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First if you are not going to treat until summer you should think about treating with the new treatment med protocol which should be available about at that time. You can increase your odds of SVR by a huge margin even if you have cirrhosis. Do you have cirrhosis? Compensated or Decompensated?
Ascites is one of the most common first symptoms of decompensated cirrhosis. This is the final stage of liver disease. Ascites like the other symptoms of decompensated cirrhosis indicate that the liver is so damaged it is unable to perform all of it functions which it could earlier. Even at the stage of compensated cirrhosis when the liver is very scarred the liver is able to still perform its many functions.
ESLD (End Stage Liver Disease) is a term used by transplant centers for advanced liver disease the is used indicate how ill someone with Cirrhosis is and predicts the survival rate with the person's current liver.
Liver transplant programs use the "Model for End-Stage Liver Disease (MELD)" scoring system. MELD scores range from 6-40. For example, a MELD score between 30-39 indicates a 60% chance of death.
There is very little data regarding treatment results when a patient's liver has reached the time when ascites, edema, hepatic encephalopathy, varices and other symptoms are present. In fact it is recommended that patients with decompensated are not treated with interferon and ribavirin. Since the liver is so damaged it is possible for the very powerful meds such as interferon and ribavirin to cause liver failure. I currently have decompensated cirrhosis so what you ask about is an important topic for me personally. My hepatologist who happens to be one of the leaders in the field of hepatitis and liver disease has told me that she will treat me with the new STAT-C meds IF my MELD score is under 20. I have have the chance I will do it, but this is a very personal decision for each individual to make if you can find a doctor who is willing to do this. I realize I run the risk of liver failure. If this should happen I will need a liver transplant to continue to live. For myself, I am willing to take the risk. If you should want to do the same it is important that you are seeing a hepatologist at a transplant center who is experienced with working with patients with decompensated cirrhosis and the you are on the transplant list should something go wrong. This can be a life and death decision, that should be thought about and talked over not only your doctor but your family and your support group (close friends, etc.).
I hope this helps.
If I can be of any further help please let me know.
do you have ascites? some good advice from hector. perhaps your doctor wants you to treat with pegasys to give your liver a break. If you do have ascites and you treat with peg do it with the careful watch of a doctor (preferably a Hepatologist).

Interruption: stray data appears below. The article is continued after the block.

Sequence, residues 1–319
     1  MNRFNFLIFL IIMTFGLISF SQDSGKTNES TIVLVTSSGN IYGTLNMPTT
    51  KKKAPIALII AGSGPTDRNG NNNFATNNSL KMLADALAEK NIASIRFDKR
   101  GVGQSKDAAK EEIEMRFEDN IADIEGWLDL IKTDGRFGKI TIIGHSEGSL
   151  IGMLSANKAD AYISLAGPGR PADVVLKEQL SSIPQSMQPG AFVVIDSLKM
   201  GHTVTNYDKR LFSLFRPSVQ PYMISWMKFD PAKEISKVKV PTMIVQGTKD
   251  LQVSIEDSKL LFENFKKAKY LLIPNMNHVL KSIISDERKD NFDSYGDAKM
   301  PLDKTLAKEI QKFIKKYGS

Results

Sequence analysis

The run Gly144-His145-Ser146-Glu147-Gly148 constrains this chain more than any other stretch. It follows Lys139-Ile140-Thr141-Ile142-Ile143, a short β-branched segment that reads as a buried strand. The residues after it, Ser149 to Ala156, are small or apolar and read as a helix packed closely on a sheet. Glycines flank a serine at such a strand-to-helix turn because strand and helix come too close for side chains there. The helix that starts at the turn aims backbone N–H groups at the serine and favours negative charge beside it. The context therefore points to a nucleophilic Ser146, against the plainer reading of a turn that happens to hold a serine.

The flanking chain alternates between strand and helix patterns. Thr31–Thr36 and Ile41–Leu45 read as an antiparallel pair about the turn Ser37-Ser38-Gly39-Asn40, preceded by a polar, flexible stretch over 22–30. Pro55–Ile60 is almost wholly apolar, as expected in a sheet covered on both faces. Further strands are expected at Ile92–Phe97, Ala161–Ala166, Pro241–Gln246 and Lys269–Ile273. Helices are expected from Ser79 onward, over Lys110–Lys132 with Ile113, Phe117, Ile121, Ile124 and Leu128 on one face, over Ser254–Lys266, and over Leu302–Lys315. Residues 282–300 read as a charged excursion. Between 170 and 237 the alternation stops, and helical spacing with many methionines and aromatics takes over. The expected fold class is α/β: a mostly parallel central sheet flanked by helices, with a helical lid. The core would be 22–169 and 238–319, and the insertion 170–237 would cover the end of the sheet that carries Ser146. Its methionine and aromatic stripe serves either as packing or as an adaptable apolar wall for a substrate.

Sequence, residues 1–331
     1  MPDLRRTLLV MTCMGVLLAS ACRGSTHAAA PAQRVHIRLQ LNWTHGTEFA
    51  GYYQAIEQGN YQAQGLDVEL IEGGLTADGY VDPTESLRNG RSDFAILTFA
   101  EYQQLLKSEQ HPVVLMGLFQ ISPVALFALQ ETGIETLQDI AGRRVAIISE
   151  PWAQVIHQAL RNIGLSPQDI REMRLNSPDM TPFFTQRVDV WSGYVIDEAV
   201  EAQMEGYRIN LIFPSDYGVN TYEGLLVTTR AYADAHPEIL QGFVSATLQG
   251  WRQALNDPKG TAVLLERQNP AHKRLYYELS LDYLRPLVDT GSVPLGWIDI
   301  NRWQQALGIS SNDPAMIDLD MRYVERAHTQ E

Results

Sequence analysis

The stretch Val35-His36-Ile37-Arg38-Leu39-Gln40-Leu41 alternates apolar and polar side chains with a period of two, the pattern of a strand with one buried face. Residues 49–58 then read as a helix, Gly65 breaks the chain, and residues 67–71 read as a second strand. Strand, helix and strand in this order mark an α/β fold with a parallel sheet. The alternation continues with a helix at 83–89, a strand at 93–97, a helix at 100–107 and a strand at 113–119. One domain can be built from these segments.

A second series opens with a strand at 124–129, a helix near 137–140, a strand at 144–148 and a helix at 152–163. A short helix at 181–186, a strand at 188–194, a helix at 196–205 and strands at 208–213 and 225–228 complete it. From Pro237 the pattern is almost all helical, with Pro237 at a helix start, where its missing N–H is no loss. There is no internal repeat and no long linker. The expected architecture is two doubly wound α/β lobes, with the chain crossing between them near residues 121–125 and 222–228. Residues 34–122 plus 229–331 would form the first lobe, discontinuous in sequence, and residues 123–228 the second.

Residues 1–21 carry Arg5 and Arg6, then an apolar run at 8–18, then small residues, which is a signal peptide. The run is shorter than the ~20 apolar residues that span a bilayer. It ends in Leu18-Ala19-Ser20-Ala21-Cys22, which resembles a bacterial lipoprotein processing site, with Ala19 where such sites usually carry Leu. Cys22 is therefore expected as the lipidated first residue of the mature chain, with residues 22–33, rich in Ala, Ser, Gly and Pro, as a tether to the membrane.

Perhaps do the peg only until the new drugs come out.
I am also a Geno 1a, I was diagnosed in June 2010. Have you had a liver biopsy yet? That will tell you what shape your liver is in now. I think that Ascites is most common is a people that already have liver Cirrhosis, and you have to have this biopsy first to determine that. Usually, bed rest, a low salt diet, and diuretics help eliminate excess fluid, which is in the abdomen of people with Ascites. I haven't started treament yet, I'm waiting on the new medicine "Telaprevir" it is going thru FDA approval now, It supposed to be ready in June of 2011, It supposed to really help people with Geno type 1, these is the tricky one, as I'm told! It is said to "CURE" 75% of people given along with Pegylated-interferon and ribavirin. It also states that it can lessen the time your on treatment. Whcich is good to hear, I'm supposed to have 48 weeks of treatment. Good luck! Hope you have great success with your treatment!
Glad that you don't have ascites, and good for you that you're keeping to a liver-healthy lifestyle. Do you have hepatologist or GI caring for you? How recently did you last have a liver biopsy? It may be worthwhile to mention your itching, as though ascites usually doesn't occur with liver disease unless cirrhosis is quite progressed, there are some skin conditions that can be manifest in the presence of active hep c.
If ascites is present it is important to determine whether or not it is due to decompensated cirrhosis from HCV. There are other medical conditions that can be associated with ascites. In addition, if cirrhosis is present it is important to be screened for hepatocellular cancer as its risk is increased with cirrhosis of any cause. The diagnosis of cirrhosis is not dependent upon a liver biopsy. Imaging studies of the liver can make the diagnosis. If cirrhosis is present it is important to have an upper endoscopy to screen for esophageal and gastric varices (veins that can develop which can predispose to bleeding). The decision to treat someone with cirrhosis is dependent upon the MELD score and other factors such as platelet count. I currently have some cirrhotics under treatment with well or mildly decompensated cirrhosis who are doing well and have a good chance of clearing the virus.
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